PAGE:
It's easy to get drugs here in Costa Rica
Okay so before you get TOO excited we're not talking Cocaine, or Speed or anything of that ilk. What we are talking about is anything legal. If you need any kind of medicine here you don't have to go begging to your GP hoping they'll prescribe you what Dr Google has clearly said you need. No, you can just go in, ask for what you want, and they'll sell it to you. For less than the price of a prescription too!
Case in point, Ali had run of the anti-biotics prescribed to him by the doc before we tottled off here. The doc had said that, if the initial course didn't work, it was okay to go source some more. Considering Ali had only just started getting better on the last day of the course we went all 'belt and braces' and went to find some more.
And that's when we discovered the smorgasbord of drugs available to you at a Costa Rican pharmacy. Not only did we get a week's worth of antibiotics for less than a tenner, we were able to pick up a range of other things too for not very much. Here, it seems, you can take responsibility for what medicine you need. As long as you can afford it of course.
Talking of drugs, the other legal 'drug' that's not only easy to get hold of here, but basically essential that you do, is caffeine. Costa Rica produces some of the best coffee beans in the world. The climate and soil is spot on for making the most delicious beans it seems.
To find out more about the process we visited Cafe Britt, which is about 20 mins outside of San Jose (and where, if you order a 'grande' coffee, you need to be prepared for drinking a cup of Joe that's the size of your head!).
Led by a rather jovial, bilingual guide, we found out everything you could need to know about how coffee plants are grown, the fruits harvested and the beans roasted. I won't go into everything that was covered in the 2 hours here, but here are the highlights that stuck with me:
The coffee plant is related to the Jasmine plant, and when you see the flowers you see the similarity
The flowers bloom for just 3 days a year, and if the rains come and destroy them in that time then the whole crop is lost for the year (someone fetch the umbrellas!)
If the flowers make it then the plant takes about 3 years from seed to become a useful plant that you can make coffee from
Although they can live for up to 100 years, its only the first 25 years of life that they produce a tasty bean (after that they start to wither up and be too dry - in other words a coffee plant is past its prime in its late twenties. Sometimes it can feel the same as a human too...)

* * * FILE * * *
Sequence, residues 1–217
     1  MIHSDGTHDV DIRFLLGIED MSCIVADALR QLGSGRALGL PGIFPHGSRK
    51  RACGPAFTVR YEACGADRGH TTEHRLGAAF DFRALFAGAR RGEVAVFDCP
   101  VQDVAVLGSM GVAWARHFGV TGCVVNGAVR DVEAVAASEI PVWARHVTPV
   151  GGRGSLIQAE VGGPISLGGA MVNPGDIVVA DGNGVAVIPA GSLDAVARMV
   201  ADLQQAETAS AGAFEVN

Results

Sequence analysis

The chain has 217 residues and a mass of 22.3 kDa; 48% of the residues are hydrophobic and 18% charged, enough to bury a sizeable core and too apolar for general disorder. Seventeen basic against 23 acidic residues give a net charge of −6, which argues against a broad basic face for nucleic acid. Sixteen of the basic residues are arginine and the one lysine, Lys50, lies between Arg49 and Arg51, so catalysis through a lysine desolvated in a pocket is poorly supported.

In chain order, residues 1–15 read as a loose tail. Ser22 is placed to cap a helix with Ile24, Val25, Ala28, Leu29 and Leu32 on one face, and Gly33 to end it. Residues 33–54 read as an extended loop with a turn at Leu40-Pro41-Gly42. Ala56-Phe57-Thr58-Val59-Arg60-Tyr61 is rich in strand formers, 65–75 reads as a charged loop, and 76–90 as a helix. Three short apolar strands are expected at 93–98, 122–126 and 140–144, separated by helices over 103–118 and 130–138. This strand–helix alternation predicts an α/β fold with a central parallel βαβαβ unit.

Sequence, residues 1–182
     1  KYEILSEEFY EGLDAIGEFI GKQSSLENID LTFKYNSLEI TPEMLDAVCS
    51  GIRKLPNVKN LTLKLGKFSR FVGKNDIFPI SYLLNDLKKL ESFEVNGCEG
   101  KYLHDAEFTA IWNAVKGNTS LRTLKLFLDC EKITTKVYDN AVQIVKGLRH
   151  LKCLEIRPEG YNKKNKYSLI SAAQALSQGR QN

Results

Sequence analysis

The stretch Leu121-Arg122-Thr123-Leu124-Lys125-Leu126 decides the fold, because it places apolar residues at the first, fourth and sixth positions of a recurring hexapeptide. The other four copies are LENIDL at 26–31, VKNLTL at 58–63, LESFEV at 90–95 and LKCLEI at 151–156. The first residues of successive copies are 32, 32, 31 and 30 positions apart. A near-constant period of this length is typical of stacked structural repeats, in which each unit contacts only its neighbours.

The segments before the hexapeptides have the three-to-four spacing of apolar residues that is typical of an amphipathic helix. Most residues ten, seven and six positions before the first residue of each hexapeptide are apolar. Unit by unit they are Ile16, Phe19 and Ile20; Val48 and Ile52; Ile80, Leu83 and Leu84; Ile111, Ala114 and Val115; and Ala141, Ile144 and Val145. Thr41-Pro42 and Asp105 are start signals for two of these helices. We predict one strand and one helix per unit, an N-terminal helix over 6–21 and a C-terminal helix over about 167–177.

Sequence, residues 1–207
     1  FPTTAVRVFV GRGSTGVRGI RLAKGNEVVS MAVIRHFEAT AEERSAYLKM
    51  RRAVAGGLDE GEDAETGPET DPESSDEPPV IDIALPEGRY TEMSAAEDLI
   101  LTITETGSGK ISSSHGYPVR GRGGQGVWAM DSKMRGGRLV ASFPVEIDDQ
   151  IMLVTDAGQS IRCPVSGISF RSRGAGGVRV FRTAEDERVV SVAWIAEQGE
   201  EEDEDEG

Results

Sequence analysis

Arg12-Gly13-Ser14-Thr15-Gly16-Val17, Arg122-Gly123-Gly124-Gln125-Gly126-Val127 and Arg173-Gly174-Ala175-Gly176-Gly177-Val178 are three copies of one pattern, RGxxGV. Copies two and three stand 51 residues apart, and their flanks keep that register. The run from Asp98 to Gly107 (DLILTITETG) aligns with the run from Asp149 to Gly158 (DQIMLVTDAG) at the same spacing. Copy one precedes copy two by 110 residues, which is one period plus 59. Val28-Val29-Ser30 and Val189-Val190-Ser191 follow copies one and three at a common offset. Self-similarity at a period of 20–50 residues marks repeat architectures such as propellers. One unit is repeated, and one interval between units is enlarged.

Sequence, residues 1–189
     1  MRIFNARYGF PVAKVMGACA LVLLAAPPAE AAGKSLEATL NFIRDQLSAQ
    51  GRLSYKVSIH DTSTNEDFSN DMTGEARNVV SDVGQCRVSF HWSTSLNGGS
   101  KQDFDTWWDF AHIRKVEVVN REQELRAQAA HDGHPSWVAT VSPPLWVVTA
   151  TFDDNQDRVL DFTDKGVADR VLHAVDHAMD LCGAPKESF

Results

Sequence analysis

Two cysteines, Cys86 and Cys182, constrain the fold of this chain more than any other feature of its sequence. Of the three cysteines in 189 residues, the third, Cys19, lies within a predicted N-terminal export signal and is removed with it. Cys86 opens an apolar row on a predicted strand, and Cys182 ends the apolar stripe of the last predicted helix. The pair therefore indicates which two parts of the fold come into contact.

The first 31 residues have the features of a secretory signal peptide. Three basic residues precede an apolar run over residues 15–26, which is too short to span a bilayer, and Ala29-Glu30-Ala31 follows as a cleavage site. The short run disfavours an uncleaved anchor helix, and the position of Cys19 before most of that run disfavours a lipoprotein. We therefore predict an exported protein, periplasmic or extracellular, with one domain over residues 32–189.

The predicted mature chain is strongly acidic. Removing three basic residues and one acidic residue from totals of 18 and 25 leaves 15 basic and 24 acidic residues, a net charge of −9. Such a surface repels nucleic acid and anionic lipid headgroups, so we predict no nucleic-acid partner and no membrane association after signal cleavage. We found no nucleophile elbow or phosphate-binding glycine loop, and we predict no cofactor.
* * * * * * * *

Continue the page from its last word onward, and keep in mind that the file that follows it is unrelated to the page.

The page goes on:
If a coffee plant is exposed to a certain smell or scent nearby as it's growing, that gets infused into the bean and changes the overall taste. So watch out for your coffee neighbours!
There are so many things that can go wrong in the time it takes to grow to maturity that it makes you wonder how on earth any of them make it at all! (and makes you appreciate your morning cuppa all the more)
Coffee pickers have to do the process by hand - selecting only the ripe red fruit. They get paid by weight of fruits picked and a good picker can make $60 a day, but only for the picking season, which lasts about 4 months. In other words, not an easy way to make ends meet.
How you prepare your coffee makes a MASSIVE difference to the end taste. Ideally, the whole process is quite a mindful thing and takes time. A 'cup of instant' this most definitely is not!
The French Press (aka Cafetiere) was NOT invented in France. Instead it was designed by two Italians on the Belgian border, but that wasn't deemed 'marketable' enough. Also, 'Cafetiere' is not a description, it's a brand name (honestly, this was news to me!).
If you really want to taste your cup of coffee and get all the aromas and full taste sensation then you need to slurp it. The oxygen helps enhance the flavour. It may generate some strange looks in your local coffee shop though!
Here is a visual overview of the lifetime of a coffee plant from seed to full plant that can join the rest. of the plantation (click the arrow to slide through).
Britt Coffee is worth a visit with or without the tour. (though of course more fun with this character!).
It's a lovely oasis in the city and comes with not only a great coffee, but also a (majorly overpriced) gift shop, petting zoo (couple of goats and sheep) and butterfly garden. Also some random colourful memorabilia around the place.
Finally, we can't get away with a post about drugs without mentioning alcohol! Couple of things to note here. If you like lager buy local. Imperial and Pilsen are the two main brands. Both are delicious but it took a few nights of drinking Imperial for us to find out that the bar staff here view Imperial as the 'girly' beer and 'Pilsen' as what the men drink. I would love to smash that stereotype but I have to say that I preferred the Imperial and Ali preferred the Pilsen. Esme of course preferred that neither of us were drinking :-D
The other drink of note is called Cacique. It's made from sugar cane and basically tastes like a sweet vodka. Me likey!
That marks the end of our San Jose section of our Costa Rica trip. Next up (and, boy when we say 'up' we mean UP!) is Monte Verde. Literally upwards and onwards my friends.